Sicilian Christmas food: 5 delicious dishes
In this post, I’m combining 3 of my favorite things: Sicily, food and Christmas.
Like many cities, towns and villages across Italy, Sicilians go big at Christmastime. Plenty of dazzling lights, religious traditions and gatherings with the family, it’s a heart-warming time of the year.
However, one of the biggest and best highlights of the season has to be the Sicilian Christmas food. Living in Sicily, you quickly understand why it’s known for being one of the best food regions in Italy.
Its Mediterranean and Arabic culinary influences give Sicilian food a delicious and distinctive twist. Prepare to whet your appetite as I present you with 5 traditional dishes for a truly Sicilian Christmas.
1. Timballini Siciliani (Sicilian timbales)
In a land where pasta is king for pretty much the whole year, Christmas is no exception.
A Sicilian timbale is a baked pasta dish, which takes its name after the round tin that it’s cooked in.
Varieties are aplenty, with some timbales also suitable for vegetarians and vegans. Probably the most popular, and easiest to make, is the timballo di anelletti al ragu.
Different versions — Sicilian Christmas food
Anelletti are small circular-shaped pasta hoops. Different recipes will list different ingredients, but the principle ones tend to be anelletti pasta, pork or beef, and cheese.
Meat-free timbales include timballo di riso or timballini di pasta ai peperoni. Be sure to ask beforehand whether there’s any meat before ordering. Some dishes that appear to be vegetarian may not be.
2. Insalata di arance e finocchi
Enjoy the freshest produce of Sicily at Christmas with this tangy and aromatic orange and fennel salad.
The dish is a classic starter or side dish for Christmas in Sicily and is super simple to make. Slices of fresh Sicilian oranges are mixed with crunchy thin slices of fennel.
A generous, yet simple, dressing of olive oil, salt and pepper complement the dish. Ingredients can vary, but you can find some versions with crushed walnuts, pumpkin seeds or pine nuts.
Insalata di arance e finocchi is a classic Sicilian Christmas dish
“…one of the biggest and best highlights of the season has to be the Sicilian Christmas food.”
3. Crispelle con l’acciuga e la ricotta
Typically eaten as antipasti, these crispy, deep-fried fritters come in 2 varieties: with anchovies or with ricotta.
A recipe that dates to ancient times, the technique involved in making crispelle is one that requires skill and practice. That said, if you do get a chance to try it, make sure to savor every single bite.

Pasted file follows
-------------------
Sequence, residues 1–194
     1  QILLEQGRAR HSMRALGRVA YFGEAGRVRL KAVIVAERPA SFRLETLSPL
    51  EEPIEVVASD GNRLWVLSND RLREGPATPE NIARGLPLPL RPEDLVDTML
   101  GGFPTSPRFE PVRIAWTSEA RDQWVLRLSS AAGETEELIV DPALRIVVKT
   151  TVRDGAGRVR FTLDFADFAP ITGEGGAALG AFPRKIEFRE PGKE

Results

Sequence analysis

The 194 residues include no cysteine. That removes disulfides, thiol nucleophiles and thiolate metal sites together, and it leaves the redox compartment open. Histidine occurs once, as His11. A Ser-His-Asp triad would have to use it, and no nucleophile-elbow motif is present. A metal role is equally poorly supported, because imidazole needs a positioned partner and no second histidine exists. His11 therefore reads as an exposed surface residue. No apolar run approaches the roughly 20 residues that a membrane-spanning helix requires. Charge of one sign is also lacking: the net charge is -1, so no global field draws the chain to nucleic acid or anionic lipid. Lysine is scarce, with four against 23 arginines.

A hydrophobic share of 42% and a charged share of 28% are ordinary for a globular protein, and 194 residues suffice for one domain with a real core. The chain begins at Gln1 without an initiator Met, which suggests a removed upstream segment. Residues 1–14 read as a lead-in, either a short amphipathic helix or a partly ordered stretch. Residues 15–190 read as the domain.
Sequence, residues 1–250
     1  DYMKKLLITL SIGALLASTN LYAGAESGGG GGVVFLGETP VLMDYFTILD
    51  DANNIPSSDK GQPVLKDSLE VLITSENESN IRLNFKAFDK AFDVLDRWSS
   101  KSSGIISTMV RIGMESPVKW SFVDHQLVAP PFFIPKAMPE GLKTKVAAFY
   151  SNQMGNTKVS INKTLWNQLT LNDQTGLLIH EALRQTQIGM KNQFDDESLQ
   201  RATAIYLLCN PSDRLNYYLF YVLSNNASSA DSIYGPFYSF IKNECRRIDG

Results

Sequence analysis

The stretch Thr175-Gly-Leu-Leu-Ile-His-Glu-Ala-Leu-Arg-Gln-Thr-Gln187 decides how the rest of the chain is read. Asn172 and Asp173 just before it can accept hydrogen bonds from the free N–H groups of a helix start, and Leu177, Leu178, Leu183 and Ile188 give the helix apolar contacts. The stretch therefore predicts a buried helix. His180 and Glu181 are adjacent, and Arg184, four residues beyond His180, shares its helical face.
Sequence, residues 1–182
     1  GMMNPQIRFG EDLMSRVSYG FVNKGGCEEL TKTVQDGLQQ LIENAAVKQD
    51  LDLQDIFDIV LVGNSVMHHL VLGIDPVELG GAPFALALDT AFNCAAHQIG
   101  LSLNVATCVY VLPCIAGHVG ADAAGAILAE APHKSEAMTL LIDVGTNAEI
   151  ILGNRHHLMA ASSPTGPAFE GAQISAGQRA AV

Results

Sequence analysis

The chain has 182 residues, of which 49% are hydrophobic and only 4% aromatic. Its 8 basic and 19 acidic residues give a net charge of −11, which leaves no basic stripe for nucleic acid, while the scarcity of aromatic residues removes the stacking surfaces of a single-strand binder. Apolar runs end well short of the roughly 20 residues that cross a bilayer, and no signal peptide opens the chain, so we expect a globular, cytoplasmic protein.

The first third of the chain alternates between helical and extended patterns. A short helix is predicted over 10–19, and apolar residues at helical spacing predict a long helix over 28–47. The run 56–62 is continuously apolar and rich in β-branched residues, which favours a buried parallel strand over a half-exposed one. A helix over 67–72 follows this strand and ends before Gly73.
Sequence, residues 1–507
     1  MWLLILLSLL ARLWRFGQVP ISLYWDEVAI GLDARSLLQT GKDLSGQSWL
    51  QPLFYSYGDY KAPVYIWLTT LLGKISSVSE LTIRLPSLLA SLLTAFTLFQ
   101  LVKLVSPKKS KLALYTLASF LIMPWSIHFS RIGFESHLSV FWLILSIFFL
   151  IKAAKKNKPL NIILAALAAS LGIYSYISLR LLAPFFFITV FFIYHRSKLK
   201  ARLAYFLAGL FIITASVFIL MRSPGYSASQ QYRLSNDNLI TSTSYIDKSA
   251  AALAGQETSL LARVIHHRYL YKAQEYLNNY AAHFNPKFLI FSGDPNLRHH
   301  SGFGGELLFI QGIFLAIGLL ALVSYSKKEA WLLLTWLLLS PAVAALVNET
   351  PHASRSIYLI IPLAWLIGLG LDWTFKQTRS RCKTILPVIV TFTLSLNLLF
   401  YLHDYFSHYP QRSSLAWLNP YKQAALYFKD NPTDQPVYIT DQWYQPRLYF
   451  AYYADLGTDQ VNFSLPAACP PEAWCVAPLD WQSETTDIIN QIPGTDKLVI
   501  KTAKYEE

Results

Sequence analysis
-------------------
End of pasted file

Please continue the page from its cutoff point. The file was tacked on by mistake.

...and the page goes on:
Crispelle con l’acciuga ©Francesca Chef
4. Pasta ‘ncaciata (‘ncasciata)
No Sicilian Christmas table is complete without this classic first pasta course.
Pasta ‘ncaciata may not be the easiest to pronounce but none of this will matter the second you take a bite.
Originating from the region of Messina, this baked pasta dish is packed with ragù, hard boiled eggs and plenty of cheese. Other additions can be added to the dish depending on where you are in Sicily.
A must-try dish at Christmas in Sicily, pasta ‘ncaciata ©Only in Sicily
5. Buccellati Siciliani
You instantly know that it’s Christmastime when you see buccellati Siciliani on the table.
Also known as ‘Cucciddati’ in the Sicilian dialect, these chewy cookies are a classic Sicilian dessert at Christmas. Made from shortcrust pastry, fillings typically include figs, dried fruit and spices like cinnamon and nutmeg.
Shapes and sizes — Sicilian food at Christmas
There’s no one size fits all when it comes to cucciddati cookies. Shapes and sizes widely vary, from circular cookies with icing to an entire rotund buccellato.
Fillings can also change from region to region. While some opt for the classic fig or jam filling, you can also find cucciddati with almond or chocolate inside.
Rustic through and through in Glade Park, Colorado ©Airbnb
What are your favorite traditional foods to eat at Christmas? Would you like to try any of these festive Sicilian dishes? Let me know in the comments below.
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Welcome to my site! I'm Lisa, founder of Following the Rivera. I write primarily for a ‘flashpacker’ audience, a demographic (late 20s onward) that enjoys glamping over camping and staying at boutique/luxury boutique hotels. Flashpackers also like to indulge in the local food and wine, cultural activities, as well as a spot of wellness on their travels. Want to know more? Read on....